The bash history command is a built-in shell feature that allows you to recall and reuse previous commands. It works by keeping a record of all the commands you enter in the shell and providing you with a way to recall them. You can access the history of your commands using the
How to use the bash history command
The most basic use of the bash history command is to recall a command that you previously entered. To do this, simply type
history at the command line, and you will see a list of your previously entered commands. You can then copy and paste the desired command from the list to reuse it.
Searching the history
You can search for specific commands in your history by using the
history command with the
grep command. For example, the following command will search your history for any commands that contain the word “ls”:
history | grep "ls"
Re-executing a command
You can re-execute a command from your history by typing an exclamation point (
!) followed by the command number. For example, to re-execute the third command in your history, you would type:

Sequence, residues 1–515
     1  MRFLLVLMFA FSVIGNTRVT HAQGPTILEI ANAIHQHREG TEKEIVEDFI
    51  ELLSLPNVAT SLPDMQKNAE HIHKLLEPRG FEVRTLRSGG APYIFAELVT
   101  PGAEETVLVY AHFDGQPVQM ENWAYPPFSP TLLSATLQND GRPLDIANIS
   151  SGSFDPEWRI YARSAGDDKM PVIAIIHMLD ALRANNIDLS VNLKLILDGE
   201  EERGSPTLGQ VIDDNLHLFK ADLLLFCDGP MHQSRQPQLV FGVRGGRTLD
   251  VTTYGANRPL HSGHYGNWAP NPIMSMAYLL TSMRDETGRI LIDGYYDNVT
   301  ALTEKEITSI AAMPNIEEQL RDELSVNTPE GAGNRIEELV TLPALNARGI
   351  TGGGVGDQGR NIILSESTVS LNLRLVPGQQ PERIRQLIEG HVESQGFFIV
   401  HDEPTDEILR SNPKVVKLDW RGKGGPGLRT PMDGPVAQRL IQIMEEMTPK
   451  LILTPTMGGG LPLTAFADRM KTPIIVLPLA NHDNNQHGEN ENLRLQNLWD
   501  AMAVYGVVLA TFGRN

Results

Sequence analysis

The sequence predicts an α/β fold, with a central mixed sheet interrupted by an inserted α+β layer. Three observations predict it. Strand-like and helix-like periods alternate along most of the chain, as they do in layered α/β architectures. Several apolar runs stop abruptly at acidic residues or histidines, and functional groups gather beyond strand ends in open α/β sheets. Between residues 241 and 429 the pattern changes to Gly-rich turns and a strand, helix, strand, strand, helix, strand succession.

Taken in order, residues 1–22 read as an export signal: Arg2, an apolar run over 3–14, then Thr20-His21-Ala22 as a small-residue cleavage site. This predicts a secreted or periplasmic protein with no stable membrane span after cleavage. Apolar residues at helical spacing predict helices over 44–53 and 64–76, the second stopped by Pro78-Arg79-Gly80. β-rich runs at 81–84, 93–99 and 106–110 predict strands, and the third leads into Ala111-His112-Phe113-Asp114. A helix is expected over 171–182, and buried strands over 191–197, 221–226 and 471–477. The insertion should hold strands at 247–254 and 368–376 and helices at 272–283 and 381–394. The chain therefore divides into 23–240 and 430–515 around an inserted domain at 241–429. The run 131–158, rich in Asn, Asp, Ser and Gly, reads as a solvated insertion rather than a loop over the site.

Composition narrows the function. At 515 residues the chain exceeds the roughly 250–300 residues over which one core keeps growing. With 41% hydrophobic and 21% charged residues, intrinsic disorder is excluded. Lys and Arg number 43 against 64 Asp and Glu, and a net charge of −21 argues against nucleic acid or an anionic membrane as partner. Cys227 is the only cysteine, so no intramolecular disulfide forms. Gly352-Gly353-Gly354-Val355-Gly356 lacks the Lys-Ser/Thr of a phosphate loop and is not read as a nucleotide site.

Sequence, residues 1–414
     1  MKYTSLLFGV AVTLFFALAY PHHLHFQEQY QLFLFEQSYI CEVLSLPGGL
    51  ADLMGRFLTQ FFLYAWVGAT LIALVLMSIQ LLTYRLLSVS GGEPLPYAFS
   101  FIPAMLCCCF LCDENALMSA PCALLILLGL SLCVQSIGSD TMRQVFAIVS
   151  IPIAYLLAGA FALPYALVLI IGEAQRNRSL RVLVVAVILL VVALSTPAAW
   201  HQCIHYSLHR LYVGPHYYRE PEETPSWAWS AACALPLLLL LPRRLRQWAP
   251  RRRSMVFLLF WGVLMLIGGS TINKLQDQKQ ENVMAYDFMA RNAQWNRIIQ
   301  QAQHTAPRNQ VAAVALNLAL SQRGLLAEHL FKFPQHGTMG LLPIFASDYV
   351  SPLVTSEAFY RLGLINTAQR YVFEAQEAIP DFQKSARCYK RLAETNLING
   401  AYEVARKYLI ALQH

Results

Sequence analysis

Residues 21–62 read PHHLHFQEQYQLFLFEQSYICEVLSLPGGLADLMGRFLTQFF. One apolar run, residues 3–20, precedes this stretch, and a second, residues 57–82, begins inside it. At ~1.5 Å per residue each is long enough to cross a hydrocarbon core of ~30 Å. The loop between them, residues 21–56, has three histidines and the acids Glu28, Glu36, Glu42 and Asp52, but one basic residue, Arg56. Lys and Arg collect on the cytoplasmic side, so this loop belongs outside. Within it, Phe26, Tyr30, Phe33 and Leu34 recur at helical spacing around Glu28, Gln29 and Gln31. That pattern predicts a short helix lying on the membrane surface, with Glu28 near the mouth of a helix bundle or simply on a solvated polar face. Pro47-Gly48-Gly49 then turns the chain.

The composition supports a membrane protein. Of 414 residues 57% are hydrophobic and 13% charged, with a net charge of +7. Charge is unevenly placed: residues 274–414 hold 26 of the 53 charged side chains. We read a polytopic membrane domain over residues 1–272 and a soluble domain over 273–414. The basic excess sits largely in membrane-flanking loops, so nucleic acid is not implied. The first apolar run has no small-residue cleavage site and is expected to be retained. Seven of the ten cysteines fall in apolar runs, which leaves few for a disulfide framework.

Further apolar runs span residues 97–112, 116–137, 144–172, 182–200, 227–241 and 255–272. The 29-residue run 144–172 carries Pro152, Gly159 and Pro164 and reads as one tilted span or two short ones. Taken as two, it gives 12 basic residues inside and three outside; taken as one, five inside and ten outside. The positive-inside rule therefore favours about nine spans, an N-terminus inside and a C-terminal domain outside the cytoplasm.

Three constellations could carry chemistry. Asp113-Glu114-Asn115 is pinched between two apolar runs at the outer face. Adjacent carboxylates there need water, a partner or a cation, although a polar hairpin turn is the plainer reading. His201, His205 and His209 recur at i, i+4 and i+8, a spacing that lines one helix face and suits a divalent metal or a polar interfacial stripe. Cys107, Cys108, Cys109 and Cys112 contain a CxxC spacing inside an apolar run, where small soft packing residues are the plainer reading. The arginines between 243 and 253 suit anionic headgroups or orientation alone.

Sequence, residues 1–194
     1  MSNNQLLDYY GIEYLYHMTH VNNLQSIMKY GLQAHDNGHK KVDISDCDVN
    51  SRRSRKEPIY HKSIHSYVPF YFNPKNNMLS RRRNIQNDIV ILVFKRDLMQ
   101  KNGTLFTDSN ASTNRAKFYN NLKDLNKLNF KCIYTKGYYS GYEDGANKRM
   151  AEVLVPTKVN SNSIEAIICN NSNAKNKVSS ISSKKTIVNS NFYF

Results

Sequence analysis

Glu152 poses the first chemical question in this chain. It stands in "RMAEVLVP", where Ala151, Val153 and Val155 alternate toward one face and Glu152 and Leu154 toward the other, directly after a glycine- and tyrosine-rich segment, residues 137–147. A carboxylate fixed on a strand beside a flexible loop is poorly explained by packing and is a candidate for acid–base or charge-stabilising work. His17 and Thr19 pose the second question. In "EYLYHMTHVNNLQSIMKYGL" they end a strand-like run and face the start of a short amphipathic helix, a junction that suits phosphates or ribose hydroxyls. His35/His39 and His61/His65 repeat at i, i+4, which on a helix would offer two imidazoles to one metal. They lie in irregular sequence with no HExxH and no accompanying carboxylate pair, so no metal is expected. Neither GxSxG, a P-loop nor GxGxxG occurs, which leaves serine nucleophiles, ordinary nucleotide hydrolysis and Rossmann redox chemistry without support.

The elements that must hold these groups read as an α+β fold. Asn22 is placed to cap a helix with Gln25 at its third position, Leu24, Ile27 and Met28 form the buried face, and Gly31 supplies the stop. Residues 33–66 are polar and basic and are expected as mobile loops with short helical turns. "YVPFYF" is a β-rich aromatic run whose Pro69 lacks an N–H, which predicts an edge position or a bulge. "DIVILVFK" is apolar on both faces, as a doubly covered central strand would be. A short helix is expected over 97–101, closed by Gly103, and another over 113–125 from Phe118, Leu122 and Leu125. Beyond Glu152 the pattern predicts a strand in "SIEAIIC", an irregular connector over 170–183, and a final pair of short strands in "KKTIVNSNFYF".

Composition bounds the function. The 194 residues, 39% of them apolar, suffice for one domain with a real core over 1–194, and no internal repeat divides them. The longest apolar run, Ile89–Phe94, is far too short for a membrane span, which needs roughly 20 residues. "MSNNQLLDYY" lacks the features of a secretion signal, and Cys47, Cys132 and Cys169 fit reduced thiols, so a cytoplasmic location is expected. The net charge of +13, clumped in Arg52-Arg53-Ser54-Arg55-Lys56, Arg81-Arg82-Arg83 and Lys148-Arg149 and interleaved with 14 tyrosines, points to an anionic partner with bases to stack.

Re-executing a command starting with a string
You can re-execute the most recent command that starts with a given string by typing an exclamation point (
!) followed by the string. For example, to re-execute the most recent command that starts with “ls”, you would type:
Modifying a command before re-executing
You can modify a command from your history before re-executing it by typing an exclamation point (
!) followed by the command number, followed by the modification. For example, to modify the fourth command in your history and re-execute it, you would type:
!4 = sudo apt update
sudo apt upgrade
6 Tips for using the bash history command
- Use the
historycommand regularly to get a sense of the commands you use most frequently.
- Use the
lastcommand by typing
- Use the search function to quickly find specific commands in your history.
- Take advantage of the re-execution features to save time by reusing previous commands.
- Modify previous commands to save time and effort when you need to make small changes to a command.
- Enable the
HISTCONTROLenvironment variable to control the behavior of your bash history. For example, you can use
HISTCONTROL=ignorespaceto prevent commands that start with a space from being saved to the history.